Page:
D.C.-area resident forgoes hoopla

By Linda m. Linonis

A former Valley woman offered lodging at her apartment to members at her former church.

It’s estimated that 1 million to 3 million Americans headed to Washington, D.C., for Inauguration Day.

Kelly Lallo of Laurel, Md., formerly of Austintown, isn’t one of them. Lallo said she plans to spend time with friends in Baltimore and maybe take a trip to western Maryland.

The former Valley woman, who still has family in Austintown, said she considered attending the inauguration. “I thought being there firsthand would be awesome, but there is no way I want to deal with that many people crammed into the metro and then crammed into the National Mall,” she wrote in an e-mail to The Vindicator.

“... There is nowhere to sit down there. I don’t want to stand for hours upon hours in the freezing cold just to watch something on a huge screen. I can do that from inside my home, with a pot of coffee and a blanket to keep me warm!”

Through the Steel Chalice newsletter of First Unitarian Universalist Church, 1105 Elm St., Youngstown, Lallo offered free lodging at her apartment to members of her former congregation. She attended the Unitarian Universalist church from 2006-08 and worked there briefly as membership coordinator. She asked those interested to e-mail her. But, she had no takers.

Lallo said she wasn’t disappointed no one responded.

“I wanted to offer a place to stay to people I knew. Members of my family were considering coming down and when they changed their minds, I opened it up to the congregants of the First Unitarian Universalists Church of Youngstown,” she said.

“I am a Unitarian Universalist and knew, being the politically minded group we are, that some UUs in Youngstown may [have] needed a place to stay. I contacted a fellow UU through Facebook to make the offer to the Youngstown church and she posted it in The Uniter.”

Lallo said she lives just 15 miles from D.C. She noted that the crush of people and the congestion might be deterrents to those who considered attending.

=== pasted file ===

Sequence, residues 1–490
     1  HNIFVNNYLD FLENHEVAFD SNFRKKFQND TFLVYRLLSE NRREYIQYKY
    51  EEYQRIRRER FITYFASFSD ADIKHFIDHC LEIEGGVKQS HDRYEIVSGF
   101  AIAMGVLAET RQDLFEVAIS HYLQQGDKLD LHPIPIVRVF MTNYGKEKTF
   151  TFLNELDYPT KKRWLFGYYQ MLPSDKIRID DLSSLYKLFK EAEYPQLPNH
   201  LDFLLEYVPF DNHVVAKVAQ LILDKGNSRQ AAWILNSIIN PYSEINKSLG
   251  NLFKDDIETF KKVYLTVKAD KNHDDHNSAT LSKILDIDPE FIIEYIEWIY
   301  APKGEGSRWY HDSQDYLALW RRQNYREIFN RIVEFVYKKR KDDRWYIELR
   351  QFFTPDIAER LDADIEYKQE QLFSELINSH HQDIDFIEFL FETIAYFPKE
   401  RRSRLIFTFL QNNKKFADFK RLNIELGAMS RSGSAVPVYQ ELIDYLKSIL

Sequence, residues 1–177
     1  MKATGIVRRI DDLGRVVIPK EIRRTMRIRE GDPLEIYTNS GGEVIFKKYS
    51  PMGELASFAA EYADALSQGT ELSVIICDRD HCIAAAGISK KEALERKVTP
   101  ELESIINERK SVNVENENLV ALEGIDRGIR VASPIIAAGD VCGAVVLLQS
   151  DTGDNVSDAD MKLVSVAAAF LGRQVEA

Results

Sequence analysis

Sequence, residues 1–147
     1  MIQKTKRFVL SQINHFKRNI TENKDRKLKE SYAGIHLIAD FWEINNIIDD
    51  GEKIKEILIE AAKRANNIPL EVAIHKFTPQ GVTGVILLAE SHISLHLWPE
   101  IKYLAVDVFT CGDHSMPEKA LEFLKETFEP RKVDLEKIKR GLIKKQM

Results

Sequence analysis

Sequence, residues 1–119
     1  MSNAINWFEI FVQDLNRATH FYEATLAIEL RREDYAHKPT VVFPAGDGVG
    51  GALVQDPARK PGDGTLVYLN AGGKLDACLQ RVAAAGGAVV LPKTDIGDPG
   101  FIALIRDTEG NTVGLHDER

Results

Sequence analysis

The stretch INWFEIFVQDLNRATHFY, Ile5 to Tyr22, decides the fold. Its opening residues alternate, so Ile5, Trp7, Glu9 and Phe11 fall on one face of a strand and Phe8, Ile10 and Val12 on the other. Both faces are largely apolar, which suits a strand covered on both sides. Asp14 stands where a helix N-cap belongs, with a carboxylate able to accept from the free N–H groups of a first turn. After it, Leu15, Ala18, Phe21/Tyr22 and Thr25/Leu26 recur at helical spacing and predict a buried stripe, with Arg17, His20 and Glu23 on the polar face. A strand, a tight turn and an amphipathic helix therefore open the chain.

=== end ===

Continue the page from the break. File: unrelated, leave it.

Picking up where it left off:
“Congestion I’m sure will be a problem but I think an even more interesting point, that I’m not sure a lot of people who aren’t in the area know, is how difficult the district is making it to get into the city,” she wrote. “All major routes into D.C. will be shut down and many of the metro stops will be closed. They are telling people to expect, on average, a walk of at least two or three miles to get anywhere near the inauguration.”

Lallo, who wrote that she has lived in the D.C. area for 13 years, said she copes with daily congestion. “A 15-mile commute can take anywhere between one to two hours,” she noted. She said the thought of having millions more people added to the mix was “overwhelming and a bit frightening.”

Security will be unprecedented. “I suspect down in the city and around the Mall the security will be extreme,” she wrote.

An American Sign Language interpreter, Lallo works for Deaf-REACH, a small nonprofit organization in northeast part of the capital, just past the Maryland line. Lallo said that Deaf-REACH will be closed on Inauguration Day.

In her e-mail, she wrote, “The majority of the staff live in Maryland and won’t be able to get into the city. This is a hassle for us as we needed to develop an emergency plan of action for the day and even buy a generator for our group home should something happen in the city to cause a blackout, etc.”

Lallo explained the Deaf-REACH is under the Department of Mental Health and it requires all group home facilities to have a backup generator. She speculated that with so many people in the city, it would strain the power supply.

“I have heard people liken this event to 9/11 when there was so much activity happening at once that no cell phones or land lines would work because the circuits were literally jammed,” she wrote.

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